Stop Junit, please

while trying to find a way to make my tests fail fast during integration testing, I found out that you have to say “please” to stop JUnit from testing…

I am currently working on a legacy project which has a very large Maven/Cucumber/Selenium based automated test suite. To complicate matters, the infrastructure these integration tests run on is often unreliable (e.g. network connections slow / not working, test data has been tampered with). So I was looking for a way to stop testing when those kind of “rough” failures.

After searching for some time I found a solution in this post. The solution involves writing a JUnit RunListener which calls “System.exit(-1)” when the first test failure occurs. In addition the Maven Surefire Plugin has to be configuring to add the listener on test execution. The code for the RunListener looks like this:

And the corresponding configuration in the pom:

What I liked about this approach is, that you can actually configure the fail fast behavior in the external pom. So no code changes needed and flexibility added. The listener could for example only be enabled for integration testing.

What I did not like about this solution was the call to System.exit() which immediately terminates the test run, without the test runner having a chance to output some kind of summary. That is especially bad in environments where test results are not logged verbosly.

After doing some research I found a way to stop JUnit from executing any more tests. The solution is the method pleaseStop() in the class RunNotifier.
This method signals JUnit to stop execution of any following tests.
It might be that some tests are still executed when running tests in parallel though. In order to access this method I had to extend the solution above in the following way:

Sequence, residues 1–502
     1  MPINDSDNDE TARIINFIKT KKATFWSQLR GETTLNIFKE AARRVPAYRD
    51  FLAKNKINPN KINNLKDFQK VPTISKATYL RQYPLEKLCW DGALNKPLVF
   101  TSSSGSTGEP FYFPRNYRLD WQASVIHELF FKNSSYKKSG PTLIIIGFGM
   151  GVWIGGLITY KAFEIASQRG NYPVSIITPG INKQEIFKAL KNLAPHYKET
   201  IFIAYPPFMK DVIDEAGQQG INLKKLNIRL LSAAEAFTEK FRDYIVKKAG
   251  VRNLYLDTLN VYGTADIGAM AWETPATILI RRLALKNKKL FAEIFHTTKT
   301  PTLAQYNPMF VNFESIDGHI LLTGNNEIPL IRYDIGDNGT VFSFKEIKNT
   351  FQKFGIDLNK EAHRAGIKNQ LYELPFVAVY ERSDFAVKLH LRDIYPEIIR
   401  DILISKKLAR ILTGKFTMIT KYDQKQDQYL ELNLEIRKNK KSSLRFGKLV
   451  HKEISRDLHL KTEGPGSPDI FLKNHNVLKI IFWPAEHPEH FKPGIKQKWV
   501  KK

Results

• Implement an own TestRunner that inherits from the one regularly used (e.g. BlockJUnit4ClassRunner) that has access to the RunNotifier
  • Pass the RunNotifier to the RunListener and call pleaseStop() on the first failure:

The full source for these two classes can be found here.

Note that you can of course change the inheritance hierarchy if you use another test runner.

Of course now, you can add more fine grained rules for failing the tests. For example on Selenium timeout, on Network errors, on wrong test data, and so on. You could even activate or deactivate the listener based on system properties. Making this solution as flexible as the first one.

Conclusion

Using RunListeners can be used to abort unit testing on a failure using System.exit. This approach has the advantage that the code does not need to be changed. The disadvantage being that System.exit prevents any further processing of the test environment as well.

Using an own TestRunner in addition to a RunListener as described above is more elegant but includes changes to the source code of the test classes. And you have to be polite ;-)

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